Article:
Mobile phones will be banned in schools to improve student performance, New Zealand's new Prime Minister Christopher Luxon says - one of the measures he intends to implement in his first 100 days of government.
"We are going to ban phones across New Zealand in schools," Mr Luxon told reporters in Auckland on Friday.
"We want our kids to learn and we want our teachers to teach."
The announced ban - a measure partially or totally applied in schools in Australia, Canada, China, France, the United Kingdom and several Asian countries - aims to help children and young people focus on their studies.
Education Minister Erica Stanford said current indicators revealed more than half of 15-year-olds in New Zealand did not meet basic literacy and numeracy standards.
A United Nations report published in July recommended banning phones in schools as one way to improve student performance and mitigate the impact of cyberbullying.
However, not all experts agree.
A scientific study by the Swedish universities of Stockholm and Sodertorn published in 2020 showed progress was minimal, while some educators said the devices could sometimes be useful in class.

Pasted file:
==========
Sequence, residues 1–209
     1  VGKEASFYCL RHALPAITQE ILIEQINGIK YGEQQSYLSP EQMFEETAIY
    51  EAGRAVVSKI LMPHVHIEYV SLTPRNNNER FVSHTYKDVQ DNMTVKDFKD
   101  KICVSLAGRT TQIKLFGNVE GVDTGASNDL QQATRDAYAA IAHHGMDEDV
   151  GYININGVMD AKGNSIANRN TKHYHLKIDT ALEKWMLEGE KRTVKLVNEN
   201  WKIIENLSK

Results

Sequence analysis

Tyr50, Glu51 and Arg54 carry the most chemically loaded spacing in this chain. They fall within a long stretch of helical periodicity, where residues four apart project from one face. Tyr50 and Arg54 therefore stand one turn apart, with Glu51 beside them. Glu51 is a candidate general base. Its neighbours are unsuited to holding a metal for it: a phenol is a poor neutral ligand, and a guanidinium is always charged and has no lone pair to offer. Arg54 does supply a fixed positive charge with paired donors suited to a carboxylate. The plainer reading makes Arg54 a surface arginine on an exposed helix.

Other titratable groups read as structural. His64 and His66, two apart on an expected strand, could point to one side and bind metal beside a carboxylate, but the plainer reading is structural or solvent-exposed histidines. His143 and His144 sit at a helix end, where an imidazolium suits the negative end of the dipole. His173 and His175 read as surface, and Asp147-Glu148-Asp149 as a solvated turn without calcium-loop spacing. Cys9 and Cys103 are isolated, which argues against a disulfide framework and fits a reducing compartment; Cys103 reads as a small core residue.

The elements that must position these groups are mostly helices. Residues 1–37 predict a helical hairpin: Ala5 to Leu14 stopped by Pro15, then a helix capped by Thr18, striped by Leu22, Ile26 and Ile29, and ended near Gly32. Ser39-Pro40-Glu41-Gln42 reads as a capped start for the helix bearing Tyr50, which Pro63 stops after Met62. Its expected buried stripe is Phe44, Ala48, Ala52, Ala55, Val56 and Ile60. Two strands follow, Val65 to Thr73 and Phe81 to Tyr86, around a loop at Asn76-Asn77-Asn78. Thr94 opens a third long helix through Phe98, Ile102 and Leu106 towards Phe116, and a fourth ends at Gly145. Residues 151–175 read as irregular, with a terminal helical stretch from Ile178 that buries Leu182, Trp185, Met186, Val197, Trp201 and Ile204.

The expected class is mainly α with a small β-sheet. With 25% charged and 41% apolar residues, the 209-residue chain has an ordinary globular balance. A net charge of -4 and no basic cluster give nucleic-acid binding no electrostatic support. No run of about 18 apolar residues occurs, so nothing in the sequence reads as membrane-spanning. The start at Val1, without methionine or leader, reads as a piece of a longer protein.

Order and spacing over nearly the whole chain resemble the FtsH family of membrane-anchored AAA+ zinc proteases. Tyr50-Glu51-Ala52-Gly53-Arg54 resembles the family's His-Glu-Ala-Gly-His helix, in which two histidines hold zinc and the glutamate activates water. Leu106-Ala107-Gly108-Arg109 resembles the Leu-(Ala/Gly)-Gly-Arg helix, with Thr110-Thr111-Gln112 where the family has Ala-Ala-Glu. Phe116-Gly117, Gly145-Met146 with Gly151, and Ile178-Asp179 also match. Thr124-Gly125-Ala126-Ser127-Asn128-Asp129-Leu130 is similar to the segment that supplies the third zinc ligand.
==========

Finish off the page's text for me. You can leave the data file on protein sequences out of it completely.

Mr Luxon's government also intends to reform the school curriculum, including changes to English and mathematics, imposing the teaching of one hour per day of reading, and writing and mathematics tracks in primary and secondary schools from next year.
NZ was ranked 11th, 12th and 27th respectively in reading, science, and mathematics in the world ranking of the 2018 International Student Assessment carried out by the Organisation for Co-operation and Economic Development.
Mr Luxon, whose National Party formed an alliance with liberal right-wing party ACT and the nationalist New Zealand First to govern, also faces the challenge of implementing some controversial agreements with one of its allies on guidelines on gender and sexuality.
Australian Associated Press